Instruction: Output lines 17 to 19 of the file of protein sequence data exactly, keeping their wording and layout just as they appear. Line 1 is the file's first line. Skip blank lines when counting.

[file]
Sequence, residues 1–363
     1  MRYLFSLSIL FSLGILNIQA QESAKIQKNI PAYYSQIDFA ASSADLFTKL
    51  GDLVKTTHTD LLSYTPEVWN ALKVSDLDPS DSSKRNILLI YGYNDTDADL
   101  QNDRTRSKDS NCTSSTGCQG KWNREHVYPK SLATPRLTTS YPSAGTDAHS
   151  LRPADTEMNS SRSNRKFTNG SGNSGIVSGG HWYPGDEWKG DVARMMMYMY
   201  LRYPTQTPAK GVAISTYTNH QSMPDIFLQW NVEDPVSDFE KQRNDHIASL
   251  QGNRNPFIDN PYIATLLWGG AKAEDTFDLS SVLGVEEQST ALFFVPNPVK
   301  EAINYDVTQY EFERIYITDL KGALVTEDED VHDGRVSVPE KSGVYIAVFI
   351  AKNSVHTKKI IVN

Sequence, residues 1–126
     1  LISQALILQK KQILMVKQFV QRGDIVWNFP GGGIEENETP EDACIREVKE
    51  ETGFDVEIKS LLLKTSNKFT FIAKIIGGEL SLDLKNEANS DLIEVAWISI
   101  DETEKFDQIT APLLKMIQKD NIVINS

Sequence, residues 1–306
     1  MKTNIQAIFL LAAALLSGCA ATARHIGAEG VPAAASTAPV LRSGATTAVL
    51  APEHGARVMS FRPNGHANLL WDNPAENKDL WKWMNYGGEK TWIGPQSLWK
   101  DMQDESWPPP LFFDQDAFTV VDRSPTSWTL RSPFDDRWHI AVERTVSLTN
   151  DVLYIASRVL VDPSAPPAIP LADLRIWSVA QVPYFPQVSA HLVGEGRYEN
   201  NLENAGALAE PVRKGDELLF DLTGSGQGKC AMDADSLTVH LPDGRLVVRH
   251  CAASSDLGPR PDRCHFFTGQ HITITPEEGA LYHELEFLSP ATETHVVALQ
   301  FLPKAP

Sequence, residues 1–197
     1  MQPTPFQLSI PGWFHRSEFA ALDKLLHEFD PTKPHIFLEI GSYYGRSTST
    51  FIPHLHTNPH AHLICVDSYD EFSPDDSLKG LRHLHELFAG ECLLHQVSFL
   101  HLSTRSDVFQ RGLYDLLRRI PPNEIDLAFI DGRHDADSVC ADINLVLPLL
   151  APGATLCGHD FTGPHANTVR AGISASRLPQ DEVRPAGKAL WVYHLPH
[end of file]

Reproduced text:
   101  DMQDESWPPP LFFDQDAFTV VDRSPTSWTL RSPFDDRWHI AVERTVSLTN
   151  DVLYIASRVL VDPSAPPAIP LADLRIWSVA QVPYFPQVSA HLVGEGRYEN
   201  NLENAGALAE PVRKGDELLF DLTGSGQGKC AMDADSLTVH LPDGRLVVRH